Faking Normal

Leave a comment

Certain situations can impress into our mind, leaving certain feelings depending on what it is. Getting assaulted is a traumatic experience that can leave someone with a sense of constant fear and anxiousness. This is the focus of Faking Normal, the debut novel of American author Courtney C. Stevens.

Alexi Littrell may seem like a normal 16-year-old: she has two best friends, an older sister, and the attention of a couple of cute guys at her high school. But what people don’t know is that something terrible happened to Alexi over the summer, and she hasn’t told anybody about it. She maintains her facade of “faking normal” by compulsively scratching the back of her neck in private, and trading written song lyrics on the underside of her desk with the anonymous “Captain Lyric.”

Her life is further altered when acquaintance Bodee Lennox comes to live with her family after he experiences a family tragedy. The two bond over their shared secrets, and Alexi finds that Bodee gives her the strength to admit what happened to her and to do something about it.

While the plot may sound similar to Laurie Halse Anderson’s Speak, which is also about a girl who’s assaulted over the summer and doesn’t tell anyone, Alexi’s relationship with Bodee is what makes the story unique. Instead of being attractive to the popular, athletic guys that most female characters would be, Alexi finds solace in Bodee’s calm demeanor. Bodee, in turn, provides Alexi with an unbiased, undemanding perspective about her situation.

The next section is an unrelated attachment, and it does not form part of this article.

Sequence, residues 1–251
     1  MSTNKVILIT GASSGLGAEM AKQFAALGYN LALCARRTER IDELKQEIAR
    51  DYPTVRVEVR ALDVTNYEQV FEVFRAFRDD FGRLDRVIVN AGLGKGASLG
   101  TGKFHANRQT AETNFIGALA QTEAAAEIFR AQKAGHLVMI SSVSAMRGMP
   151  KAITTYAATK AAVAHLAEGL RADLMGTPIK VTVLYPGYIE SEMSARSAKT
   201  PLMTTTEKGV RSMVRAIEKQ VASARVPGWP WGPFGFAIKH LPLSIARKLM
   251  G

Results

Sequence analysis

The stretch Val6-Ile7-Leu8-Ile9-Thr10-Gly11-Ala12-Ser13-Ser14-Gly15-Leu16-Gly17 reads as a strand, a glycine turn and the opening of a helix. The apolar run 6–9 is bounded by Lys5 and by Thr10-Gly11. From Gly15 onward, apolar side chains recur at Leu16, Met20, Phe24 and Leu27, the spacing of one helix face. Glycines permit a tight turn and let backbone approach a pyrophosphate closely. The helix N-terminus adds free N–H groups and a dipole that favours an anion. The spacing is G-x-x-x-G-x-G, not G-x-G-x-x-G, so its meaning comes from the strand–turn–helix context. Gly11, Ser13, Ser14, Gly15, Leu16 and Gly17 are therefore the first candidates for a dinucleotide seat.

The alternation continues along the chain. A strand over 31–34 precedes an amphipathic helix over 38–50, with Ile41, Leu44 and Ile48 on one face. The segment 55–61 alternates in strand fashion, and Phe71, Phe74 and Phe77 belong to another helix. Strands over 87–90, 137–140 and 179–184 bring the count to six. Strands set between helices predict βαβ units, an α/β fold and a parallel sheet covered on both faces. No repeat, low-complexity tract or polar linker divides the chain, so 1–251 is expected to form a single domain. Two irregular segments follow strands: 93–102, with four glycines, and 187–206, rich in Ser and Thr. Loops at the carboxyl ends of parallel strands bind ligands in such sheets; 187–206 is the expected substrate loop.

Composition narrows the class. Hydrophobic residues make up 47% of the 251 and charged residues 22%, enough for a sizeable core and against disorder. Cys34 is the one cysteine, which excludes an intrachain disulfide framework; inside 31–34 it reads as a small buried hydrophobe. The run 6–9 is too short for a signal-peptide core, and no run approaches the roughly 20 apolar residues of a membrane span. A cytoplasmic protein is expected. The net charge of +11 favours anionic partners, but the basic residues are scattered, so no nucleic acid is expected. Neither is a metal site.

Stevens also portrays Alexi’s anxiety and insomnia realistically- the way she sleeps in her closet to feel safe and counting the vent slits to concentrate on something. She doesn’t try to sugarcoat Alexi’s experience and even emphasizes the importance of speaking up, even including a passage at the end of the novel about what resources are available.

I definitely recommend this novel to people who enjoy reading stories about healing and the significance of saying something.

Once and For All

Leave a comment

About two months ago, I heard that Sarah Dessen was coming to a bookstore near my city to do a reading and signing for her latest novel, Once and For All. Since I had never been to a signing, I decided to go and check it out. Of course, driving to the suburbs of the nation’s capital at rush hour is not easy, and I didn’t arrive until after she had finished the reading. Fortunately, I still got a chance to meet Sarah (me being the very last person in line) and get my book signed by her. It was a cool experience.

For me, reading a wedding-themed novel couldn’t have come at a better time. My older brother got married about three months ago, and I got a small glimpse as to what he and his wife did to plan for the big day. I wasn’t too involved with the process myself, but I found myself fascinated with all the work of 14 months that culminated in just one entire day, or really just a few hours. Anyway, on with the book review.